I just put $1200 into a '96 Honda that was technically totaled over a decade ago.

I've got an '01 Toyota with over 300K miles that I've just put $1800 into and still don't know what's wrong with it (towed it to 4 shops over the past 18 months that are all shuked). Still planning to shell out more . Now this one, I'm admittedly a little stupid about, but I know that and don't care. I've had that car for 21 years and have a stupid emotional attachment. Also, for the 1st 300K miles, it never had a single repair other than routine maintenance stuff. So, now that it needs it, I'm fine with it. If we can get over this one hump, I'm sure this car has another 200K miles in it.

Generally speaking, if I believe in a car, I'm fixing it. Then again, I'm 43 and I've never sold a car (only given away or sent to junkyard).

I certainly agree about the car market and waiting. A lot of people are saying things could be much calmer next Spring.
Don't think you're nuts at all. Cars can be emotional for us and if an older car has been almost always reliable I can see the decision to get it fixed rather than ditch it. Particularly if you're super attached to it. Good luck I hope both cars run for a long time to come.
 

Grahamburn

Footballguy
I’d ditch the Chevy. Wouldn’t put 4 grand into that car. At the age and mileage where issues are going to start piling up.
This.

I was in a similar situation with a 2008 Santa Fe that was (long) paid off.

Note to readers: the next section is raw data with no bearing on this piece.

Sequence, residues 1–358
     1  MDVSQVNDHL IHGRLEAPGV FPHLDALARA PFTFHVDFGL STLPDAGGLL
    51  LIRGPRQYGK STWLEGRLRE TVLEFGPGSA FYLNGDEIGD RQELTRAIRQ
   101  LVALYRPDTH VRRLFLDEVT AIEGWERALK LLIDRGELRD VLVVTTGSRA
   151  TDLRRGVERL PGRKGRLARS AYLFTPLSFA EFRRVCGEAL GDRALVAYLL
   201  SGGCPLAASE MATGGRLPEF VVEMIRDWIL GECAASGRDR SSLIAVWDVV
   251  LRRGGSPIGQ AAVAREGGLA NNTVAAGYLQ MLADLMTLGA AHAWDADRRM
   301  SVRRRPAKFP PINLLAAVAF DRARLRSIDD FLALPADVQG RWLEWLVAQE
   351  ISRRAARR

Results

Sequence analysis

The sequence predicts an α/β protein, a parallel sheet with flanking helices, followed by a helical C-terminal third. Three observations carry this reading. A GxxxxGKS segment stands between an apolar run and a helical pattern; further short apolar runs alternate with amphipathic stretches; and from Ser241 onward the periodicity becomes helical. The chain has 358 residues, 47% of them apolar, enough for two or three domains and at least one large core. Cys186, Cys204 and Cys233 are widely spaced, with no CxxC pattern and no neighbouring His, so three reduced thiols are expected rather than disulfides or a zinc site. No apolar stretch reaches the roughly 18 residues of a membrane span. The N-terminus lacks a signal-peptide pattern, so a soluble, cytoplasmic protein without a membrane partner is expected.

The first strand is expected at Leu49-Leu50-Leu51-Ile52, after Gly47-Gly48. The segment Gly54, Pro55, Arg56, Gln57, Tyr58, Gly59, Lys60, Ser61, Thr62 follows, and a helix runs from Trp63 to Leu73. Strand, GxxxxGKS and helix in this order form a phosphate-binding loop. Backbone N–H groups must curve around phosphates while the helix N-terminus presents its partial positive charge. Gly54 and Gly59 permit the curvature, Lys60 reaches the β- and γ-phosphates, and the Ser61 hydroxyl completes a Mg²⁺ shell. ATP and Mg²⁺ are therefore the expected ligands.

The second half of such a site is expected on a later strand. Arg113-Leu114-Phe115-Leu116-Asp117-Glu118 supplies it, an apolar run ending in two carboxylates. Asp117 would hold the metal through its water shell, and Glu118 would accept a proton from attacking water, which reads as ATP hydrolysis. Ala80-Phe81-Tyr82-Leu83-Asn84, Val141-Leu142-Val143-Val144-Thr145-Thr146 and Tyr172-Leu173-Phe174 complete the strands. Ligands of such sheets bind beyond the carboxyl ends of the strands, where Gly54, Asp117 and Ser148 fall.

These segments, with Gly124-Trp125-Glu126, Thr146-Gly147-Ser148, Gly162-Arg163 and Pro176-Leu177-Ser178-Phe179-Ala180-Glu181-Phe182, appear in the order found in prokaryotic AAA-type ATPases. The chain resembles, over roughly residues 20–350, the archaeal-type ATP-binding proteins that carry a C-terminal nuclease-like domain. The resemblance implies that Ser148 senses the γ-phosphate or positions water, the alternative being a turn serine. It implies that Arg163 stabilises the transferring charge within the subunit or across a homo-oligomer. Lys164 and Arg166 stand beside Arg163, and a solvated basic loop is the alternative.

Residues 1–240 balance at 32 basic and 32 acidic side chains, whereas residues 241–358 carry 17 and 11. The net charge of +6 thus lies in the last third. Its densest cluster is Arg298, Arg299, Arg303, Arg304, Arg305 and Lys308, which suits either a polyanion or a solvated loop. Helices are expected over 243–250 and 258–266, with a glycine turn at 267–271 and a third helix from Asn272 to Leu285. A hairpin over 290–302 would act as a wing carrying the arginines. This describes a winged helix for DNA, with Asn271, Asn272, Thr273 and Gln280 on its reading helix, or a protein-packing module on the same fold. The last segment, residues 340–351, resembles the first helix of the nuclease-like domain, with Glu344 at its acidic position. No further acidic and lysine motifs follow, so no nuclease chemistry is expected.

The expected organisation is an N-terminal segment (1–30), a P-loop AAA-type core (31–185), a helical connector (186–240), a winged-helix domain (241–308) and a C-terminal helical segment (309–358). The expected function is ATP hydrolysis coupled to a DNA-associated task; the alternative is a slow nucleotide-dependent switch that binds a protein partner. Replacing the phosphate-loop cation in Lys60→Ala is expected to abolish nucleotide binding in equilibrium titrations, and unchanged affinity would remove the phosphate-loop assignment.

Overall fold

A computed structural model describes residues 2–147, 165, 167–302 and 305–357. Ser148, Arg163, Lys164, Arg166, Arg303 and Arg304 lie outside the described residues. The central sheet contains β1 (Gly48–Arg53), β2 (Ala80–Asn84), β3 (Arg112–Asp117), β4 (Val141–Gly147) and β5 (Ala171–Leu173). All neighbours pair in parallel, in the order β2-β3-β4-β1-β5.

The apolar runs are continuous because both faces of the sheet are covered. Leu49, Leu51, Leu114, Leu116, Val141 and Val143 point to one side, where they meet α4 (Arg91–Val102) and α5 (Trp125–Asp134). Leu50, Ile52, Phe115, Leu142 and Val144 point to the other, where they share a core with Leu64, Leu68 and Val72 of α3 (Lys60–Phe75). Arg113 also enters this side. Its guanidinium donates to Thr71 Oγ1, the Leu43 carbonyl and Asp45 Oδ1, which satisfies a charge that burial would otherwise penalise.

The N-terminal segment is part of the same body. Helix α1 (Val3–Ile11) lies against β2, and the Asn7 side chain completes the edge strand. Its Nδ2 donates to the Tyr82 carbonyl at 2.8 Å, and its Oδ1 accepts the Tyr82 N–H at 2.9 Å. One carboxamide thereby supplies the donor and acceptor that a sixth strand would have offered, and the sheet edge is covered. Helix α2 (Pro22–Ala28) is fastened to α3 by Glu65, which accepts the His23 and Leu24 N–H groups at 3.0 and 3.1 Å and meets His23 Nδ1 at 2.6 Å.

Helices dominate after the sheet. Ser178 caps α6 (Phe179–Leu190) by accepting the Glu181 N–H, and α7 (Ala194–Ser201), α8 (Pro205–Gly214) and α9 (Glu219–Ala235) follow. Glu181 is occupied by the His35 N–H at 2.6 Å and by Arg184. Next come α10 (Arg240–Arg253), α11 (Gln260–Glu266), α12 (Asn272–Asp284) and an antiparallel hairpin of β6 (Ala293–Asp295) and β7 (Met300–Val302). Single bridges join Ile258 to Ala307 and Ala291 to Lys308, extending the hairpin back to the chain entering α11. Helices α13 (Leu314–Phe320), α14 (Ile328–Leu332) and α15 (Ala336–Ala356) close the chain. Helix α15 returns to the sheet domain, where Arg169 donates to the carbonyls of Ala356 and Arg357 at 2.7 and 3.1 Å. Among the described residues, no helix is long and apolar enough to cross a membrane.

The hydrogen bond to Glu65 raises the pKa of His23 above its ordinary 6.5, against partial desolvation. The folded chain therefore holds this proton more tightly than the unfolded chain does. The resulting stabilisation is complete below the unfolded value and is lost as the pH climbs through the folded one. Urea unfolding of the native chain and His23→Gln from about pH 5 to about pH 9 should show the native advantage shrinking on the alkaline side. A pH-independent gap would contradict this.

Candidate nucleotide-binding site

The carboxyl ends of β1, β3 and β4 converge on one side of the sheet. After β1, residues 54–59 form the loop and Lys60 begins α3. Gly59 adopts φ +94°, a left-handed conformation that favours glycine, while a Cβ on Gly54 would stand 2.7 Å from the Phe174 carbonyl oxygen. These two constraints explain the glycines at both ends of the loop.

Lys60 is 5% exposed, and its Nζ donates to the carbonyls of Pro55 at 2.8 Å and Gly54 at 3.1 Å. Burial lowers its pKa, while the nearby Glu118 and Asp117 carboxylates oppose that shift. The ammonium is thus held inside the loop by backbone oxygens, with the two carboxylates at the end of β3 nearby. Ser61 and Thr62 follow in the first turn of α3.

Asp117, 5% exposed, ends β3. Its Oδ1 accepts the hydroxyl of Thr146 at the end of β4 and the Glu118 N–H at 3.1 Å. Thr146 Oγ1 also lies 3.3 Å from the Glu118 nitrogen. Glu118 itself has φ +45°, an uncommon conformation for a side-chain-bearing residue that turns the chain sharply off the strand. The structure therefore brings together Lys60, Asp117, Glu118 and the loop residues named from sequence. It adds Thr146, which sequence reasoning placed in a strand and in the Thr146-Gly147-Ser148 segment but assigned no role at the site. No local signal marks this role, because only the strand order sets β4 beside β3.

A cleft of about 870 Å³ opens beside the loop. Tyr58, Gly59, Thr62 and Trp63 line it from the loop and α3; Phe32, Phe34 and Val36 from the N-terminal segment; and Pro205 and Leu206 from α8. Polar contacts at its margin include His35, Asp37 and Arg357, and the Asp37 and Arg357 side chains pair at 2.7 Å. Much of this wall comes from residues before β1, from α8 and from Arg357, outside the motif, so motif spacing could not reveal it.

On any given occasion, it seemed to make more sense to repair it (usually $800-$2000) vs. buying a replacement. After the 3rd time in two years I was faced with that decision I realized I was sick of throwing good money after bad. I bit the bullet and found a great deal on a Hyundai Kona. Have not regretted it even once, even on the days the Kona payment is due
Gotta love how everyone seems to get a “great deal” every time they buy a car. “I couldn’t pass it up! I got such a great deal!”

You spent maybe $4k fixing the Santa Fe in two years, which you’d already spent as a sunk cost, but will have paid (conservatively) $10k on the Kona with how many years left to pay on it? Plus whatever you had to plop down at signing.

Everyone feels a little more secure in a new car, but you’re not saving any money by doing it.
 

belljr

Footballguy
I'm of a mind that in a normal car market, sell when the car's >100k miles and you're looking at repairs $2k or >. This stupid market makes the decision much more difficult. We're coming up on the holiday season and end of year, if dealers have any new inventory in December you may be able to wrangle a deal. I say wait, drive the Chevy as little as possible and try your luck new in 2 months.
You'd probably think I'm nuts.

I just put $1200 into a '96 Honda that was technically totaled over a decade ago.

I've got an '01 Toyota with over 300K miles that I've just put $1800 into and still don't know what's wrong with it (towed it to 4 shops over the past 18 months that are all shuked). Still planning to shell out more . Now this one, I'm admittedly a little stupid about, but I know that and don't care. I've had that car for 21 years and have a stupid emotional attachment. Also, for the 1st 300K miles, it never had a single repair other than routine maintenance stuff. So, now that it needs it, I'm fine with it. If we can get over this one hump, I'm sure this car has another 200K miles in it.

Generally speaking, if I believe in a car, I'm fixing it. Then again, I'm 43 and I've never sold a car (only given away or sent to junkyard).

I certainly agree about the car market and waiting. A lot of people are saying things could be much calmer next Spring.
I dont disagree with fixing it - if this was an accord or camry or something similar I would probably get it fixed. For my current needs - I don't need a second SUV as my "daily" commuter